There was evidence in the Education Department’s administrative record that veiled quotas can occur from yardsticks similar to that used in the “significant disproportionality” regulations. The Education Department cited a single example: Texas school districts adopted informal quotas on identification of children as disabled, in response to a state numerical indicator that scrutinized districts that identified more than 8.5% of kids as disabled as potentially disproportionate. That experience seems relevant and appropriate to draw lessons from. The judge wrongly saw that example as irrelevant, because it didn’t involve a racial quota, but rather a non-racial quota in response to a numerical indicator. But if such mild numerical indicators can lead to quotas in non-racial contexts, they can presumably lead to quotas in the racial context as well).

Moreover, there was specific evidence of racial quotas, too, in the administrative record, even if the Education Department did not specifically cite it. The Center for Equal Opportunity’s Roger Clegg pointed out that similar state disproportionality rules had led to informal, veiled racial quotas in the past, in comments he submitted to the Education Department in May 2018, supporting its proposed delay. As he said, “In the past, similar rules at the state level have led to quotas. State education agencies and associations of special education officials made this clear back in 2016 in their comments.” For example, he cited the May 2016 comment of the National Association of State Directors of Special Education, submitted by Myrna Mandlawitz, which recounted that under a similar state rule, “state staff heard of districts telling parents that there were now quotas for identification, and no more minorities could be identified.”

Far milder scrutiny of racial numbers than the significant disproportionality regulation can also lead to quotas in discipline. The significant disproportionality regulation can lead to a local education agency having 15% of its special education dollars redirected to coordinated early intervening services (CEIS) — potentially millions of dollars. That’s a big incentive to do whatever it takes to avoid being declared significantly disproportionate.

But even much smaller incentives to use race can trigger the use of quotas, such as the informal use of numbers as a yardstick for whether to investigate a school district for discrimination in discipline. As Brian Miller pointed out in a comment, the Minneapolis schools adopted racial quotas in suspensions at the close of an investigation by the Education Department in 2014. As Miller pointed out, such a quota wasn’t mandated by Title VI, the law under which the Education Department’s Office for Civil Rights investigated the Minneapolis schools. Indeed, Title VI is interpreted by courts as forbidding racial quotas. But “even though there wasn’t any legal requirement for a quota,” “Just the scrutiny of its numbers was enough to lead to a quota.”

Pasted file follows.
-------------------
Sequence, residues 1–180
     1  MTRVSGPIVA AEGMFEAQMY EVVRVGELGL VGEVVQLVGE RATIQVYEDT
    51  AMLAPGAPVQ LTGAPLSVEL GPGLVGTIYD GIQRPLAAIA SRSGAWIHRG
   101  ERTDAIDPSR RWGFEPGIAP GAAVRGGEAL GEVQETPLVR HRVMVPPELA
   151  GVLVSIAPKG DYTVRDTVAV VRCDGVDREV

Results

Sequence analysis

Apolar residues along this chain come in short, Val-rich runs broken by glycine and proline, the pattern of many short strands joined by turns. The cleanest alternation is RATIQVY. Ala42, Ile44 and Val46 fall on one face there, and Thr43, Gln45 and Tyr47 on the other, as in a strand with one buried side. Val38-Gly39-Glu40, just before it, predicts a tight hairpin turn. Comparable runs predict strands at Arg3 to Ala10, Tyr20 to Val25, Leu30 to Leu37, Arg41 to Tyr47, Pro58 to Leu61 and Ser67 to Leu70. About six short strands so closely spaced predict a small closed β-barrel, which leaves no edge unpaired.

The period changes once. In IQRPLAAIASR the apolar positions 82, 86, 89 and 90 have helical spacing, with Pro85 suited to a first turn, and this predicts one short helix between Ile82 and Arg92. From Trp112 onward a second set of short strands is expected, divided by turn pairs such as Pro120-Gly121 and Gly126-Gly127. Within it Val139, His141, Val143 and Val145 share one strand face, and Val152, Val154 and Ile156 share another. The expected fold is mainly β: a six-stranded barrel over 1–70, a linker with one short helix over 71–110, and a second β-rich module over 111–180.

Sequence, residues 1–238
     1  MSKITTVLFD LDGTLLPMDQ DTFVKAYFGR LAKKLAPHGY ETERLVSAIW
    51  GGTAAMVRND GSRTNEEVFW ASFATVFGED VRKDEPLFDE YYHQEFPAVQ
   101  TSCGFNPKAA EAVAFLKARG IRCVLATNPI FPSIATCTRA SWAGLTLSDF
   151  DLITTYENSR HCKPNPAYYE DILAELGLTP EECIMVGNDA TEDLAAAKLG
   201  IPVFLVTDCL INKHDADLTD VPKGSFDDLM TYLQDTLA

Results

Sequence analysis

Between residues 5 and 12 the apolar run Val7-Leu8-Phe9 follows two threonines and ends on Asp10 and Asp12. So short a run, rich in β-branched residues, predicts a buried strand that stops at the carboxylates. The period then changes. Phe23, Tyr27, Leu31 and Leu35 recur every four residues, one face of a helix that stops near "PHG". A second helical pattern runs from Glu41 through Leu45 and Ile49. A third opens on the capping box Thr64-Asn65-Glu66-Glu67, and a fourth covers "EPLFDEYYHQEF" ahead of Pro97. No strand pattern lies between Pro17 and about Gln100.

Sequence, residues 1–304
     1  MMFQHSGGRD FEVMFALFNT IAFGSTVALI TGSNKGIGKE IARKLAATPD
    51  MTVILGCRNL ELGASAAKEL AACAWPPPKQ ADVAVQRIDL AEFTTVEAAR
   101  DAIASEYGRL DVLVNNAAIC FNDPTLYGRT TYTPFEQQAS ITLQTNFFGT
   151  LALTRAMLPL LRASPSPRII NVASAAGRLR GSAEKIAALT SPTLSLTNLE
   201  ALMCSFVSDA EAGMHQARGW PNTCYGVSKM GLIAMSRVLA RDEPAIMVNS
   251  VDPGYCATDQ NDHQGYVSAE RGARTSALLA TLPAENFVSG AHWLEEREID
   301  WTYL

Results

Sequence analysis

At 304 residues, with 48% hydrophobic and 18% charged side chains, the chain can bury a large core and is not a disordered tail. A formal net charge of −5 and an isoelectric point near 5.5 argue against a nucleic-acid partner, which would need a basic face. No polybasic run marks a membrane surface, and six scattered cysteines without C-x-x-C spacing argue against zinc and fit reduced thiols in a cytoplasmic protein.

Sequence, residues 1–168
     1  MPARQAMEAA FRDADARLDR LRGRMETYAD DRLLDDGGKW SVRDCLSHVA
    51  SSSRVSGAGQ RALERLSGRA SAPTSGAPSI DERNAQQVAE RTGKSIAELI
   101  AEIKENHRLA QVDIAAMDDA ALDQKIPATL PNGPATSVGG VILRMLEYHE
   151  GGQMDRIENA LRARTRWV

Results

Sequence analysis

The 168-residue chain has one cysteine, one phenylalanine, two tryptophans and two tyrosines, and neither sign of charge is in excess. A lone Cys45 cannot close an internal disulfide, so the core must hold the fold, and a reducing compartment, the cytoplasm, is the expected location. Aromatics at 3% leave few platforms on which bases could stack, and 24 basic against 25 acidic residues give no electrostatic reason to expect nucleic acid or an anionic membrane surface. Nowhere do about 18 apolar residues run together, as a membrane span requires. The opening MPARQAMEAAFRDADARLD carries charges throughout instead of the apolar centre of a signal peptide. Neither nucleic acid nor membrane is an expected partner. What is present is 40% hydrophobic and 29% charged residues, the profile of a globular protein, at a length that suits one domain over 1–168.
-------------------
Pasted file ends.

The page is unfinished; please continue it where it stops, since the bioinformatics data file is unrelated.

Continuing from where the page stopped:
Miller cited an article in Reason Magazine reporting that the Minneapolis Public Schools had decided to “aggressively reduce the disproportionality between black and brown students and their white peers every year for the next four years. This will begin with a 25% reduction in disproportionality by the end of this school year; 50% by 2016; 75% by 2017; and 100% by 2018.” (See Robby Soave, “Schools Implement Explicit Racial Bias in Suspensions,” Nov. 11, 2014). As Miller said, such a proportionality requirement is an unconstitutional racial quota, under court rulings like one that struck down a rule that forbade a “school district to refer a higher percentage of minority students than of white students for discipline.” (See People Who Care v. Rockford Board of Education, 111 F.3d 528, 538 (7th Cir. 1997)).

Why did Minneapolis adopt such a quota? The use of a numerical indicator — even though it was milder than those adopted by states under the Obama administration’s 2016 significant disproportionality regulation.

Although Miller didn’t point this out, at the time Minneapolis adopted its quota, the Education Department used a significant-disproportionality ratio as an informal trigger for whether to investigate schools for racism in discipline. If twice as many minorities were suspended as whites, the school district got investigated to see if it was discriminating against minorities in discipline. The Manhattan Institute’s Max Eden described in 2018 how that trigger worked: “If the ‘number of suspended minority students’ / ‘number of minority students’ is more than twice the value of ‘number of suspended white students’ / ‘number of white students,’ then a districtwide investigation proceeds.” (See “OCR’s Approach to the Evaluation, Investigation, and Resolution of Title VI Discipline Complaints” February 2014, quoted in Max Eden, “Enforcing Classroom Disorder: Trump Has Not Called Off Obama’s War on School Discipline,” Manhattan Institute, Aug. 13, 2018).

That numerical trigger was designed to help administer the Obama administration’s supposedly “nonbinding” January 8, 2014 Title VI guidance on racial discrimination in school discipline — guidance that the Trump administration later withdrew and replaced in December 2018 because it allegedly placed undue weight on racial numbers.